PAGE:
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Day 18. Using off line marketing.

If you listened to some experts you might believe that the only place to be is online but this isn’t true. Yes there are opportunities to make money online but it can be easier to cut through the noise when we do what others are not doing so today’s challenge is going to consider some offline marketing activities and tactics.

Build a database

Every marketing expert will tell you that you need to build a database of prospects and customers and who am I to disagree? There are a number of different ways to do this but you need to make sure that you operate within the data protection legislation in your own country, typically this means making sure that you have the recipients permission to contact them.

I think people are becoming more reticent about handing over their details because we are all struggling with the amount of information we are bombarded with. We therefore need to make sure that we offer something of real value in return for someone’s contact details and that we keep offering them value to retain their interest. It’s probably easiest to collect names and email addresses in return for an interesting e-book or a valuable report but then the only means we have of staying in touch is by email. It is very easy for someone to unsubscribe once they’ve taken advantage of your free offer.

A direct mail letter may get more attention than an email.

A direct mail letter may get more attention than an email.

What we really need is someone’s mailing address. One way to get this is to follow up your free online product with an offer of a sample or a physical product, for example a CD or DVD or a book (but remember that you’ll have to pay postage so the lighter the better). Another option is to rent a mailing list. Check that the company you are using is reputable and that they collect data legally. Typically mailing lists are compiled from membership lists, magazine subscriptions, company information etc. so it should be quite easy to be very specific about the kind of contacts you want. For example you should be able to refine a request by, for example, location, job title, type and size of company or interests of an individual. So if you are very clear about your target market you should be able to purchase a mailing list of people who fit your specification. Think carefully about what data you would like to pay for. Given that it typically takes eight or more approaches to turn a prospect into a customer it can be a good idea to purchase a name and mailing address together with email and phone number so that you can vary the methods by which you follow up your approach.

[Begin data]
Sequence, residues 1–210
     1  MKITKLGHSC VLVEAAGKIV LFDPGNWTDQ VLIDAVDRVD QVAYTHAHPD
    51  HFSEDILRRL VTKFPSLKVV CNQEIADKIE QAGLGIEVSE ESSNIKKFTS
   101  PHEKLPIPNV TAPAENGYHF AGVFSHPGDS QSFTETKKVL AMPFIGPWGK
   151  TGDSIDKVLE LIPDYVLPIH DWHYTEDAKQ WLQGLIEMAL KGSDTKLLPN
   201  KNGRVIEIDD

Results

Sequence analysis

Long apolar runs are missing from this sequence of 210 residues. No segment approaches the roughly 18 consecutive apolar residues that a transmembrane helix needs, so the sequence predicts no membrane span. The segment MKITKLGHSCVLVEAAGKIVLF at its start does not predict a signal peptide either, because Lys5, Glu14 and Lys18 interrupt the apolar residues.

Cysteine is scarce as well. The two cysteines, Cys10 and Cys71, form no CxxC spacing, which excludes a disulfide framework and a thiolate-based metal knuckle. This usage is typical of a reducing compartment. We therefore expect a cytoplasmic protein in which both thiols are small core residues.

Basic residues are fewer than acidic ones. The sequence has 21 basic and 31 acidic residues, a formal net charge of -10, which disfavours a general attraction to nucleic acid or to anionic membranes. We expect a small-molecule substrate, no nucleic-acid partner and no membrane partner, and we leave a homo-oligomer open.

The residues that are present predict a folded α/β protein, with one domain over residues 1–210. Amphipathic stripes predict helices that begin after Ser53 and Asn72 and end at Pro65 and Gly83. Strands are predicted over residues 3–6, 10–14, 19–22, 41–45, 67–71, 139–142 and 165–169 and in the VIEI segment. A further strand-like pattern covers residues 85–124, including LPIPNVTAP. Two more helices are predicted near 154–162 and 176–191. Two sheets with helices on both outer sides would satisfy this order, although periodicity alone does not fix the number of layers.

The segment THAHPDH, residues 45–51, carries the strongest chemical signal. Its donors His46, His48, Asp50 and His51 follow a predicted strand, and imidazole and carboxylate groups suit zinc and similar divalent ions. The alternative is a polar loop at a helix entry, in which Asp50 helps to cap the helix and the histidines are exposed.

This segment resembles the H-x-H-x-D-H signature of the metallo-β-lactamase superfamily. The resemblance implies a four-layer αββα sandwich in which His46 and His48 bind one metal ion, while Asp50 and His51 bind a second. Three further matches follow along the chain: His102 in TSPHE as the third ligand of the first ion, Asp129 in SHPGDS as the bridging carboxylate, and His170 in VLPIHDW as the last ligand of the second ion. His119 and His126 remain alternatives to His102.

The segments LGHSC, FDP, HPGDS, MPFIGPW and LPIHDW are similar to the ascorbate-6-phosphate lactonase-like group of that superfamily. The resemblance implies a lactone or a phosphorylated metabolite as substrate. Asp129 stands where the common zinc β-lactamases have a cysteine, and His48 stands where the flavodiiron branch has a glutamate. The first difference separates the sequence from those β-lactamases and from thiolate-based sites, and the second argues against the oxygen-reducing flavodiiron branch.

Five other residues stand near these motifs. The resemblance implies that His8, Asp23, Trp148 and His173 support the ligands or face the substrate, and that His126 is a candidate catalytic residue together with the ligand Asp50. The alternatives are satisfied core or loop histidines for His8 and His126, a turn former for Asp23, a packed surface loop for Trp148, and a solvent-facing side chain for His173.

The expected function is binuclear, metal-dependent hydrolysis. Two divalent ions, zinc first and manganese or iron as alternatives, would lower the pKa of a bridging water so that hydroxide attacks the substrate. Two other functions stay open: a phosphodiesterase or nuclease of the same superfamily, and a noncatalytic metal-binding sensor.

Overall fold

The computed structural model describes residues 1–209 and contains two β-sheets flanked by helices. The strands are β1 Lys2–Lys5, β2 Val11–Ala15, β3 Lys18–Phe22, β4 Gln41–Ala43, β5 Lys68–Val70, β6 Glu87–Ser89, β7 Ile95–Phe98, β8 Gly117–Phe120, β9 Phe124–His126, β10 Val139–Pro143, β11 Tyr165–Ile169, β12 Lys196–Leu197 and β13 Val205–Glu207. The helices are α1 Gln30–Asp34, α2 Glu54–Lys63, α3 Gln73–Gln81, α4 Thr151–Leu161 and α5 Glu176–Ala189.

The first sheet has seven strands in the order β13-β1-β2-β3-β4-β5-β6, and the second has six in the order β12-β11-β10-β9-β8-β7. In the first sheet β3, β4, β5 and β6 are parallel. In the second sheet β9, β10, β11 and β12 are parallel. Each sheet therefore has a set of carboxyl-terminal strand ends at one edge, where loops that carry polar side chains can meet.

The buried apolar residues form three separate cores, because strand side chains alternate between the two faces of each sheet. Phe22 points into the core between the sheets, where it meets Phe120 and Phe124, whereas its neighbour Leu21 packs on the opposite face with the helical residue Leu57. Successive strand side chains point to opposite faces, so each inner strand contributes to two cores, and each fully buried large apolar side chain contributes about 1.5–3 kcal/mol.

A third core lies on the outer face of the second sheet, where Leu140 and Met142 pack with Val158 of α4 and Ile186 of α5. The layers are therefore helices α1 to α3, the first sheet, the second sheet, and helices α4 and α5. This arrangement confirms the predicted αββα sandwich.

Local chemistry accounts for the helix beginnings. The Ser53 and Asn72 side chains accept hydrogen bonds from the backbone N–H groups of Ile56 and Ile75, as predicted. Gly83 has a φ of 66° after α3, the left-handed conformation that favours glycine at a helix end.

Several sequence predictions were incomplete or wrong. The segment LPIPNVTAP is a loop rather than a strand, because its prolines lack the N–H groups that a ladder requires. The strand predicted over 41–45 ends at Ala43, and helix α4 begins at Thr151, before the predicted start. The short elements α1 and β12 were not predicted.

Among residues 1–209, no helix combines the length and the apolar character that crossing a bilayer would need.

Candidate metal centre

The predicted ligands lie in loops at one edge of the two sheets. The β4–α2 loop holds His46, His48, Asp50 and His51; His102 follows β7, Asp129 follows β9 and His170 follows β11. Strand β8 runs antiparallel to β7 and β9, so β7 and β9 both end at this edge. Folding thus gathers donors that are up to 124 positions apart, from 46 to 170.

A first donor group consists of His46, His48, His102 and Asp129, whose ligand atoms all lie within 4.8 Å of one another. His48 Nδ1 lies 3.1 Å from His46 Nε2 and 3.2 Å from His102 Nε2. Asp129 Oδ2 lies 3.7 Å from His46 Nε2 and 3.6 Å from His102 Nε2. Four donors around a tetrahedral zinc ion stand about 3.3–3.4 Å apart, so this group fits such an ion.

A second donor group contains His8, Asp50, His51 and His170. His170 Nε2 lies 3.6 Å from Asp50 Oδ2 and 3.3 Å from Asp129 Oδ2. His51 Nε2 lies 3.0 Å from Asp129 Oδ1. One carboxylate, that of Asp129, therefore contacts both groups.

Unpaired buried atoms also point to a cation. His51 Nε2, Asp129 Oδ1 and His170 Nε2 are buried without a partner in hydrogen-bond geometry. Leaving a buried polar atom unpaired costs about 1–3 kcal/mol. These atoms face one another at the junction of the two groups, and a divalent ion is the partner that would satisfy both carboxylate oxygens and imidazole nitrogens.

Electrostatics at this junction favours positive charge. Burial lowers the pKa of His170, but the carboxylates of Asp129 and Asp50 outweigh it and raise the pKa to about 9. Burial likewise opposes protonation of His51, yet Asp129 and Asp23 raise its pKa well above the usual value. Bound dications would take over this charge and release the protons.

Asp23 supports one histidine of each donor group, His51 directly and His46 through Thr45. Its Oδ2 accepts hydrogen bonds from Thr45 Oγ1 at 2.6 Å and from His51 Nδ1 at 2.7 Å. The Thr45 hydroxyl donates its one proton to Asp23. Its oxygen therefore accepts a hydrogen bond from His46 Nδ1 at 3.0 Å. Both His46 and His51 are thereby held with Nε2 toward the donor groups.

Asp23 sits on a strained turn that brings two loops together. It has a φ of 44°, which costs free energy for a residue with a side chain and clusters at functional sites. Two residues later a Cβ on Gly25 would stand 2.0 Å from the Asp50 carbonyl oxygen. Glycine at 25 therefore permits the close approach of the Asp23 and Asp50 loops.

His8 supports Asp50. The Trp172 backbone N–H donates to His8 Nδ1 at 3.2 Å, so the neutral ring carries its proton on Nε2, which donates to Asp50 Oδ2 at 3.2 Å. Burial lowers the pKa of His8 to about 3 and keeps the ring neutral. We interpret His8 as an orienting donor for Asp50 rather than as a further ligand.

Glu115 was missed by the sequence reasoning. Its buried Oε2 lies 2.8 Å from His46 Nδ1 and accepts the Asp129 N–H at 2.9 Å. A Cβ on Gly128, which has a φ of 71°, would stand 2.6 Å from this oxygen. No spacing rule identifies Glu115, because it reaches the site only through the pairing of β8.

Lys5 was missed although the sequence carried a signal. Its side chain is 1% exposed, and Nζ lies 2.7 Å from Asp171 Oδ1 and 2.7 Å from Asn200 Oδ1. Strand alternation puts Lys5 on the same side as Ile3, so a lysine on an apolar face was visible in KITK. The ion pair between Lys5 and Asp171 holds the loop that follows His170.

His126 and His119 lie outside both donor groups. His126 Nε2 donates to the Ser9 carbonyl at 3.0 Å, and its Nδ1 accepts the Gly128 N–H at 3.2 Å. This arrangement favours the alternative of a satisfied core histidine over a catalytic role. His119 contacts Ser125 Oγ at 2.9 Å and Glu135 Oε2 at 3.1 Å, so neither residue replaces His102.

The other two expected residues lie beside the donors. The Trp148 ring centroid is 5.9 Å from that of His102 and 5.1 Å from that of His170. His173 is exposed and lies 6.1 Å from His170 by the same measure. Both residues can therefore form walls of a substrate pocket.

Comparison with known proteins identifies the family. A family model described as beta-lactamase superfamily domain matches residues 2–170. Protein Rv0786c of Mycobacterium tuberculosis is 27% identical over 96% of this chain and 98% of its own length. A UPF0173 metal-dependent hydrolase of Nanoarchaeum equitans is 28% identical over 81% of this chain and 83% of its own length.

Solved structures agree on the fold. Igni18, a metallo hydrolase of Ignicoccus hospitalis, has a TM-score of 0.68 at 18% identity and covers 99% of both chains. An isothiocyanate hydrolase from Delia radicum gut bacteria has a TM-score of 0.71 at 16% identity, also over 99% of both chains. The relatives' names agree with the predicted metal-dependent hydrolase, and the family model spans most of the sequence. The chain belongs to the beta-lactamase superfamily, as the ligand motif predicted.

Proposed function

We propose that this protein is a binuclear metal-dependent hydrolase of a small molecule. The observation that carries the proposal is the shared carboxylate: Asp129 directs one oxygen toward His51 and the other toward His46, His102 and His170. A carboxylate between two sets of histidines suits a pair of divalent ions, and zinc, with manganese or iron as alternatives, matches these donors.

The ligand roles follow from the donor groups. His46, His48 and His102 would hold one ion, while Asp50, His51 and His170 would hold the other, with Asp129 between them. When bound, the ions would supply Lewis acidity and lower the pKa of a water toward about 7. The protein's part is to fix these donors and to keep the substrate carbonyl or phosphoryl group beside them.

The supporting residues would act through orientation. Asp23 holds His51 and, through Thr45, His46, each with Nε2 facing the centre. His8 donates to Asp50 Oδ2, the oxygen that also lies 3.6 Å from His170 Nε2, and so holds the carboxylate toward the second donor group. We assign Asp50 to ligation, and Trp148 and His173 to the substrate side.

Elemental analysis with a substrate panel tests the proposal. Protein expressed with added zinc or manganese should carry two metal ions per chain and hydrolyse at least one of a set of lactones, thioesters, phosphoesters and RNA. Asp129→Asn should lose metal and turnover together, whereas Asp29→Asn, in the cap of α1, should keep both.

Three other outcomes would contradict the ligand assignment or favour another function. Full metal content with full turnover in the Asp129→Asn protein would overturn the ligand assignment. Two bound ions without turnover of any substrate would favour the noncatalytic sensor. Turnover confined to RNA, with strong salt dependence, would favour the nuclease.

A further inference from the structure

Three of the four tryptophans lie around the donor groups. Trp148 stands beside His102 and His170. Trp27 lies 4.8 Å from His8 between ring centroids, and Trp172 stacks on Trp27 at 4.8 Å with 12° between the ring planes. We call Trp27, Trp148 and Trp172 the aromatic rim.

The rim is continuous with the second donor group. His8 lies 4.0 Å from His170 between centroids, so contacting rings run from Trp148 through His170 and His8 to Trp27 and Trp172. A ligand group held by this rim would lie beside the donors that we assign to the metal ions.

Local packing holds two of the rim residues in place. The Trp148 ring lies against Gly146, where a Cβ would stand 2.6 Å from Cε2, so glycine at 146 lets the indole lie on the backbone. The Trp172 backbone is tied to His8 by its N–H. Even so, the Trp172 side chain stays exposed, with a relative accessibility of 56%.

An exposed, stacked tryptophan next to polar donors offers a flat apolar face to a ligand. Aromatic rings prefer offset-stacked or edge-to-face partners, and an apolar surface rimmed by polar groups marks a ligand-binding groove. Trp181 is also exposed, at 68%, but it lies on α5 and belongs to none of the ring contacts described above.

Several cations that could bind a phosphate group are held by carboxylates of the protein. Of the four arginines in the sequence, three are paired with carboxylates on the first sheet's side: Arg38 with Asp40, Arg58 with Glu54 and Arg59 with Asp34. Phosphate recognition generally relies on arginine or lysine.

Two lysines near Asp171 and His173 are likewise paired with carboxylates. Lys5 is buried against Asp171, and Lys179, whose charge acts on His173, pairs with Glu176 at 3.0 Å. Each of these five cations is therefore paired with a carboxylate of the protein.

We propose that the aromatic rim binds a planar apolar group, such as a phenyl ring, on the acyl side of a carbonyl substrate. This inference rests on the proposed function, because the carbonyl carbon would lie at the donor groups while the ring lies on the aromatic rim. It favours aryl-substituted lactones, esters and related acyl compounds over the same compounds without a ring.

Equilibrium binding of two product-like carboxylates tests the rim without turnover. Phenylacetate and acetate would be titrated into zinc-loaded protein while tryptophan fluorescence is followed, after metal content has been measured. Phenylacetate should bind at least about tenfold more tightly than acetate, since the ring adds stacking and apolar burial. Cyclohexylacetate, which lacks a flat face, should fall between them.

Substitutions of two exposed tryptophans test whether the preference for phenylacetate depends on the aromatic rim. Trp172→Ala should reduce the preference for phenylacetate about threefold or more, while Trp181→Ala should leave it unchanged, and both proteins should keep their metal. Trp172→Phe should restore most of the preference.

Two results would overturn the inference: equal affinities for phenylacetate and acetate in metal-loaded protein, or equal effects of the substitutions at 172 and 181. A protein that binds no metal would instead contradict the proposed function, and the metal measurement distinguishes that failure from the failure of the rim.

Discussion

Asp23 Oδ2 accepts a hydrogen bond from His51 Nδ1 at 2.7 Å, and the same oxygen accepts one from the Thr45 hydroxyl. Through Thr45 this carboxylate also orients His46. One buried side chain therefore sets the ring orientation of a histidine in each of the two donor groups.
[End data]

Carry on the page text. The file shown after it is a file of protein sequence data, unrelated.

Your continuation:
A word of warning, a mailing list does not belong to you so you can’t add the names to your database unless you get a response from a name on the list and then you can add that person to your database. Mailing lists are typically sold for single or multiple use. If you buy for single use you can only mail that list once, it will be seeded with names to catch you out if you use it more often. A multiple use list will usually specify how many times you can use it over what period. I recommend buying a list for multiple use as you will rarely make a sale on your first contact.

Another way to build your list is to run a competition in which entries have to be accompanied by the data you want to collect. Do be careful to check that you are operating your competition legally. If you decide to sponsor a competition in a newspaper or magazine make sure that your agreement with the publication allows you to collect entrants’ contact details otherwise you may find that the data belongs to them.

ACTION: Decide on at least one action you will take to build your mailing list.

Crafting your message

Whether you are going to send direct mail letters to named individuals, brochures, fliers, postcards or any other print material there are a few things that you will need to consider when producing your material:

  1. Focus on your prospect and their needs, If you really understand your target market you will be able to ‘speak their language’.
  2. Use your headline to gain your prospect’s attention. A question will make them think. A question that helps them ‘feel the pain’ is even better.

    This postcard has worked well for one of my clients.

    This postcard has worked well for one of my clients.

  3. Rub a bit of salt in the wound so that your prospect is really intrigued by how you can help them.
  4. Show how your solution will help them.
  5. Make sure your copy is benefit rich. Too many people focus on features not benefits. Turn your features into benefits: ‘We offer one hour delivery slots’ (feature) ‘so you don’t have to stay in all day waiting for us’ (benefit); ‘our trousers are teflon coated’ (feature) ‘so you don’t have to iron them’ (benefit). Make sure that the benefits you describe are the ones that are most important to your target audience.
  6. Use testimonials and guarantees to make a purchase less risky.
  7. Make sure you have a strong call to action preferably appearing at several points throughout your communication. Use action verbs: Call, visit, ring etc.
  8. Consider offering a time limited incentive to take action now. Make this really clear.
  9. Check that you use ‘you’ much more frequently than ‘we’. Customers are not interested in your history but in what you can do for them.
  10. Resist the temptation to put your business name at the top of the page, a prospect isn’t interested in who you are until they are interested in what you can do for them.
  11. If you are writing a letter use a P.S. to encourage your reader to take action now. The PS might be the only thing they read unless you can make them realise that they could be missing out if they don’t read the whole letter.
  12. Long copy outperforms short in most tests. In other words longer letters allow you to work on your prospect’s emotions and make them want to take the action you want them to take. Remember people buy with their emotions far more frequently than they buy with logic.